The

Short

List

Our other favorite downtown spots

Aedes

de Venustas

9 Christopher St.,

212-206-8674

Darling

1 Horatio St.,

646-336-6966

Odin

199 Lafayette St.,

212-966-0026

Edon Manor

391 Greenwich St.,

212-431-3890

The New

World Order

13 Avenue B,

212-777-3600

Mxyplyzyk

125 Greenwich Ave.,

212-989-4300

Babycakes

248 Broome St.,

212-677-5047

Lomography

Gallery Store

41 W. 8th #1,

212-529-4353x212

Pas de Deux

328 East 11th St.,

212-475-0075

Banchet Bianca

Flowers

809 Washington St.,

212-989-1088

6
6
NYO
NYO

EVENTS

16 | MAY 2011

STEVE BUSCEMI, FISHER STEVENS, CELINE DANHIER LINDSAY LOHAN AT THE AFTER-PARTY OF MAGNOLIA PICTURES’ CEREMONY
STEVE BUSCEMI, FISHER STEVENS,
CELINE DANHIER
LINDSAY LOHAN AT
THE AFTER-PARTY OF
MAGNOLIA PICTURES’
CEREMONY
NUR KHAN,
ERIN FETHERSTON
BRITNE OLDFORD,
TERRY
DANNY FLAHERTY
RICHARDSON
MAY ANDERSON
MAX WINKLER, HENRY WINKLER
MAX WINKLER,
HENRY WINKLER

HEIDI BIVENS, JUSTIN THEROUX

DAVID ARQUETTE AND CURTIS 50 CENT

AT A PRIVATE SCREENING OFSCREAM 4

DREE HEMINGWAY
DREE HEMINGWAY

Jeff Zucker anD kevin pollack aTTenD

Jeff Zucker anD kevin pollack aTTenD carnegie Hall’s 120TH anniversary gala
carnegie Hall’s 120TH anniversary gala

carnegie Hall’s 120TH anniversary gala

regina spekTor Tom Brokaw micHael Douglas name Hereggg name Hereggg anDrew saffir, BeTH sTern anD
regina spekTor
Tom Brokaw
micHael Douglas
name Hereggg
name Hereggg
anDrew saffir, BeTH sTern anD Daniel
BeneDicT aT new yorkers for cHilDren eigHTH
geralDo rivera, erica rivera
annual spring Dinner Dance, “a fool’s feTe”
nickolas asHforD, valerie simpson
nickolas
asHforD,
valerie
simpson

BeTTe miDler

anD James Taylor

lara meilanD sHaw,

 

cHrisTian siriano,

 

mereDiTH melling Burke

seliTa eBanks, mary alice sTepHenson, kerry wasHingTon, amy sacco, wyclef Jean, amy mcfarlanD, coralie cHarriol

seliTa eBanks, mary alice sTepHenson, kerry wasHingTon,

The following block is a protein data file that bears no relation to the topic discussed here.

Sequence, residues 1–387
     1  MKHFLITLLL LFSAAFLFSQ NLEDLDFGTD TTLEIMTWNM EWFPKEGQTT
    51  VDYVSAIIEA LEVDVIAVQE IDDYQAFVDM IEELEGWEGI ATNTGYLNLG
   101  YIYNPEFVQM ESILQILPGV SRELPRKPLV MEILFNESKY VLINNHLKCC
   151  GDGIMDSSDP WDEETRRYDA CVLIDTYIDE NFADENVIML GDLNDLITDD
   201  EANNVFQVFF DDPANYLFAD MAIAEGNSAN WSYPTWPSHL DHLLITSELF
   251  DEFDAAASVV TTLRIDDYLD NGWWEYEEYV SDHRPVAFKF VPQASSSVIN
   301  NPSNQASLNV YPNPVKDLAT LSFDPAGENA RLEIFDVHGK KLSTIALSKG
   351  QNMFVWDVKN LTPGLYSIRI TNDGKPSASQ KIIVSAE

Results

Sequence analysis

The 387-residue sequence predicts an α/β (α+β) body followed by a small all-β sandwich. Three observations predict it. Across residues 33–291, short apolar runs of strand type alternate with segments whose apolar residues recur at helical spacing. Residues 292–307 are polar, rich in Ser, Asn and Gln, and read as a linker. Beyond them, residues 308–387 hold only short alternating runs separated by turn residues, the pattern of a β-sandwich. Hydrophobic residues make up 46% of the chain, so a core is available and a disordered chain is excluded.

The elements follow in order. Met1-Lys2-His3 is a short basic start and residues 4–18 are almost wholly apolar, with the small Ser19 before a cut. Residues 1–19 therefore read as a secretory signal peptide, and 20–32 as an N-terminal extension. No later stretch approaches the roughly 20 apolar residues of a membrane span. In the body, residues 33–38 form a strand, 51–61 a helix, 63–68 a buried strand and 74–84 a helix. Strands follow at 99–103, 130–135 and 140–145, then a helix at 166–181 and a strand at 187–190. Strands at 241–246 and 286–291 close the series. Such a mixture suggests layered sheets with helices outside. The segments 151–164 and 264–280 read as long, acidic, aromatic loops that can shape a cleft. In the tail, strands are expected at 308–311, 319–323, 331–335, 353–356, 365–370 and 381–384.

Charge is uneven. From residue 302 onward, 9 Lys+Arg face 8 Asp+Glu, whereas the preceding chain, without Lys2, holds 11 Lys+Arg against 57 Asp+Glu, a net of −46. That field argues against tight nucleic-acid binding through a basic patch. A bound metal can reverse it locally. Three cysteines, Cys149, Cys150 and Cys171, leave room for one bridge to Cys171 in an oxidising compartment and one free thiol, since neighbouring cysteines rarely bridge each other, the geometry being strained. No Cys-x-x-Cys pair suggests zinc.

seliTa eBanks, mary alice sTepHenson, kerry wasHingTon, amy sacco, wyclef Jean, amy mcfarlanD, coralie cHarriol paul
amy sacco, wyclef Jean, amy mcfarlanD, coralie cHarriol paul
amy sacco, wyclef Jean, amy mcfarlanD, coralie cHarriol paul

amy sacco, wyclef Jean, amy mcfarlanD, coralie cHarriol paul

Patrick mcmullan’s favorite New Yorkers

donavan green, ayana

 

green, LiSa oz, dr. mehmet

 

oz at dr. oz’S heaLth CorpS

gaLa to fight ChiLd oBeSity

aLonzo mourning, Star JoneS Ben vereen tom CoLiCChio
aLonzo
mourning,
Star JoneS
Ben vereen
tom CoLiCChio
hugh JaCkman
hugh JaCkman
eriC ripert, meLanie dunea, nigeL parry
eriC ripert, meLanie dunea, nigeL parry
keLLy rutherford, marCuS ernSt
keLLy rutherford,
marCuS ernSt

Cynthia nixon, BiLL koenigSBerg

 

attend City harveSt’S 17th annuaL

an evening of praCtiCaL magiC

 

Stefan oppenheimer, arnie arnaSon,

Stefan oppenheimer, arnie arnaSon, Bonnie arnaSon, aLiSon kaLLman, Jim kaLLman
Bonnie arnaSon, aLiSon kaLLman, Jim kaLLman

Bonnie arnaSon, aLiSon kaLLman, Jim kaLLman

Stephanie WinSton WoLkoff
Stephanie
WinSton
WoLkoff
Courtney Love Lee PaCe
Courtney Love
Lee PaCe

Keanu reeves and vera farMiga at

Keanu reeves and vera farMiga at the after Party for “henry’s CriMe”
the after Party for “henry’s CriMe”

the after Party for “henry’s CriMe”

ParKer Posey Kevin Zegers taj MahaL attends jaZZ at LinCoLn Center’s gaLa after Party
ParKer Posey
Kevin Zegers
taj MahaL attends jaZZ
at LinCoLn Center’s
gaLa after Party
Mary aLiCe stePhenson
Mary aLiCe
stePhenson
george wein
george wein
wynton MarsaLis, john Legend, ashLey

wynton MarsaLis, john Legend, ashLey

sChiff-raMos with guest

wynton MarsaLis, john Legend, ashLey sChiff-raMos with guest

gayLe King, newarK

may 2011

19

Mayor Cory BooKer

NYO
NYO

XXXXXXX

Groomer, Valissa Yoe; Stylist, Priscilla Polley ; Leather jacked by Bruno Cuccinelli; Tshirt by James Perse

20 | APRIL 2011

Valissa Yoe; Stylist, Priscilla Polley ; Leather jacked by Bruno Cuccinelli; Tshirt by James Perse 20
Valissa Yoe; Stylist, Priscilla Polley ; Leather jacked by Bruno Cuccinelli; Tshirt by James Perse 20
Valissa Yoe; Stylist, Priscilla Polley ; Leather jacked by Bruno Cuccinelli; Tshirt by James Perse 20
Valissa Yoe; Stylist, Priscilla Polley ; Leather jacked by Bruno Cuccinelli; Tshirt by James Perse 20
XXXXXXX NYO APRIL 2011 | 21

XXXXXXX

NYO
NYO
APRIL 2011 | 21
APRIL 2011 | 21
NYO
NYO

COVER STORY